Cyclist was trapped by Norfolk road pothole
A cyclist is calling for compensation from Norfolk County Council after he narrowly avoided being hit by a passing car when his bike became trapped in a pothole.
Darren Styles, 39, of Chestnut Road, Tasburgh, nearly fell off his bike after the front wheel became trapped in a hole between 50 and 100mm deep on the Bunwell Road at Besthorpe, close to T J Motorsports.
He believed the county council should have repaired the hole – as workmen had done others along the same stretch of road – and said the accident broke the front wheel on his Cannondale Supersix bike, while the rear wheel was also damaged.
The total cost of the repair to the �2,000 bike was �220.
The UK Power Networks engineer, who was cycling behind his friend Tom O'Neill at the time on February 23, said he was lucky he was able to prevent his fall, as if he had fallen off to his right he would have gone into a passing car.
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'I managed to dismount the bike onto the grass verge and my initial thought was that I had got a puncture. I was just shook up by the accident really.
'It was the realisation that if I had fallen to my right I would have hit the car head on,' Mr Stiles said.
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Mr Styles, who lives with wife Jo, 39, said he had had his bike for about eight weeks before the incident.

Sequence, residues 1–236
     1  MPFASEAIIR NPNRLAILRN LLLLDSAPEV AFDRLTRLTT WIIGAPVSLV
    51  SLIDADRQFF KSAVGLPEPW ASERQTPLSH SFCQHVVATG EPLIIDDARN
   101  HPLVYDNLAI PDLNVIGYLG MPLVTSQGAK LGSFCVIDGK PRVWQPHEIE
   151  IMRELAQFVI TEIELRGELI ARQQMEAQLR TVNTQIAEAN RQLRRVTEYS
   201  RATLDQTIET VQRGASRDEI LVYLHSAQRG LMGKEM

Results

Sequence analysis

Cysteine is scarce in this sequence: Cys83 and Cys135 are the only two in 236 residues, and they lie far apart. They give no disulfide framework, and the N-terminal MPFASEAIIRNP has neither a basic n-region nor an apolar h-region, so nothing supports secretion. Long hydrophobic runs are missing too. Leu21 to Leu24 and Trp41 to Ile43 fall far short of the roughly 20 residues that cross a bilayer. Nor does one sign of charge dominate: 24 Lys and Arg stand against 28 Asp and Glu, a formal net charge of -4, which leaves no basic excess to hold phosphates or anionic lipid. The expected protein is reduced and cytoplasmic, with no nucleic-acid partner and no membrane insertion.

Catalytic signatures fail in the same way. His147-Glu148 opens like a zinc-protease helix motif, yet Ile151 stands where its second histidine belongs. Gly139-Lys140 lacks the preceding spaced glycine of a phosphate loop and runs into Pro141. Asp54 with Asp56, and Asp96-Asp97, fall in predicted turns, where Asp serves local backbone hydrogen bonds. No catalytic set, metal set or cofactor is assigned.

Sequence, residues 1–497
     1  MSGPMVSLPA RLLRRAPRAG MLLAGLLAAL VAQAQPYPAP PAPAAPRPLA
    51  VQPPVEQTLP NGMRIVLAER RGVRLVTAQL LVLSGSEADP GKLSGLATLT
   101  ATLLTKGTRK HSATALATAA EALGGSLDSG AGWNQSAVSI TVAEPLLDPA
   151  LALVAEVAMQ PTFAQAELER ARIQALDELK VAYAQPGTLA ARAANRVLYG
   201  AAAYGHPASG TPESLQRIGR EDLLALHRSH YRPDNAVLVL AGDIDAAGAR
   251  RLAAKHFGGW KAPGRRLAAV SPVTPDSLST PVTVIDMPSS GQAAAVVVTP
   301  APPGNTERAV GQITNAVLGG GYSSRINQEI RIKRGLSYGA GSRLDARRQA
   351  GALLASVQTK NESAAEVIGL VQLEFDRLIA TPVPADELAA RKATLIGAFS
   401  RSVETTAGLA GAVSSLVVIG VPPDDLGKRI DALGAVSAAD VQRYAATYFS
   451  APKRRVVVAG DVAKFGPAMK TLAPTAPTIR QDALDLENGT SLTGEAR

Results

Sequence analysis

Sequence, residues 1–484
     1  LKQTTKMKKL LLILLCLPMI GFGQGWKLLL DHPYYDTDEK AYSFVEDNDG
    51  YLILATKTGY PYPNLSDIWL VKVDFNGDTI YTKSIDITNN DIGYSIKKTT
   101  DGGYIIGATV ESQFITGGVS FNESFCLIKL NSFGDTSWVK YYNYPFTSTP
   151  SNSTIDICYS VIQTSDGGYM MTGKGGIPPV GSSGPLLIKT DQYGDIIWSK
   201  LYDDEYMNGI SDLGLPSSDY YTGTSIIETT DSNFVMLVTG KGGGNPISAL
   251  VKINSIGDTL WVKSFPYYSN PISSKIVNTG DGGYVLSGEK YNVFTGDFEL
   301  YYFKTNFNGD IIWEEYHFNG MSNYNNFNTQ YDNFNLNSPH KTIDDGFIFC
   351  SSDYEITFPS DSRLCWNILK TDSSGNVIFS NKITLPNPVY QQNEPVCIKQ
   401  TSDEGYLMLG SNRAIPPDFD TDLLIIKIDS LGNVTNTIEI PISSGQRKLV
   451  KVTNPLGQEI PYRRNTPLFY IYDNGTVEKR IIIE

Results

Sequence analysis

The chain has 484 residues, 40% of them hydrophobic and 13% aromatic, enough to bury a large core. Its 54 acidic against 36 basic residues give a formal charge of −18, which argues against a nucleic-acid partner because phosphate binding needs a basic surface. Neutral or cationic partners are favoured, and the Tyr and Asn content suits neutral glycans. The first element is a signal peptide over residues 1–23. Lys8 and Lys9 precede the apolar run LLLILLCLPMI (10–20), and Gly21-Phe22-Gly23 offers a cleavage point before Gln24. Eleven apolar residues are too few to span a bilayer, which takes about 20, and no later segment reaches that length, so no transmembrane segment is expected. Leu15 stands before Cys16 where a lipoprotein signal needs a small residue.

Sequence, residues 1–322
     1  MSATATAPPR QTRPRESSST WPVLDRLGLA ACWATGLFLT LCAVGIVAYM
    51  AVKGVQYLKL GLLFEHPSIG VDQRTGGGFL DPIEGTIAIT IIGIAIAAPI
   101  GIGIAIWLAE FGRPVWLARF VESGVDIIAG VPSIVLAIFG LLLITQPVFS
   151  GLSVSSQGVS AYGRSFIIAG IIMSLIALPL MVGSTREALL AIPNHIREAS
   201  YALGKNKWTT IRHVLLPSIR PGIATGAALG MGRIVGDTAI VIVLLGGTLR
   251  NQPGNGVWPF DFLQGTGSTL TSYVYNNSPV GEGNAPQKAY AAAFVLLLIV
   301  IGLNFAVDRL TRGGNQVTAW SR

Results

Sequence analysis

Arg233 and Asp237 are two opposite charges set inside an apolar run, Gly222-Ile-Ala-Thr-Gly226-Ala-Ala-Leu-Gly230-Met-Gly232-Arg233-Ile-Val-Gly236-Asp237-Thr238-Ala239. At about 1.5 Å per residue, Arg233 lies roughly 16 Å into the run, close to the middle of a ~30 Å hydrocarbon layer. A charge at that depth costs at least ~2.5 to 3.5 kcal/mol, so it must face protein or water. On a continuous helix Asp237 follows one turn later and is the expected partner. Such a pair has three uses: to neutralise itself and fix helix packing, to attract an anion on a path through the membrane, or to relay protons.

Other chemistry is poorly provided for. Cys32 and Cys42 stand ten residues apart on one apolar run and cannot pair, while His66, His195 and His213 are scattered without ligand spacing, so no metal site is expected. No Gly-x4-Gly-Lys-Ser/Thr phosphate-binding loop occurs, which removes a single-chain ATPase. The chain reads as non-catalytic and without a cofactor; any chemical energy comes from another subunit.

County council spokesman Kate Gooding said potholes were dealt with on a priority basis, with the most urgent repairs being carried out to those posing the greatest danger to road users.
She said: 'We are sorry to hear of Mr Styles's accident and have investigated the circumstances.
'However, we do not believe we have a claim to answer on this occasion. This is because we believe we took reasonable measures to maintain the highway by carrying out regular inspections.
We also had no reports of concerns from any road users before this incident.
'We did become aware of some damage to the road early in February, when an engineer visited to check the road ahead of planned surface dressing.
'However, due to the nature of the defect, the repairs were deemed non-urgent and scheduled to take place within 28 days.
'Once we became aware of Mr Styles's accident, which occurred during the 28 day period, the defect was made safe.'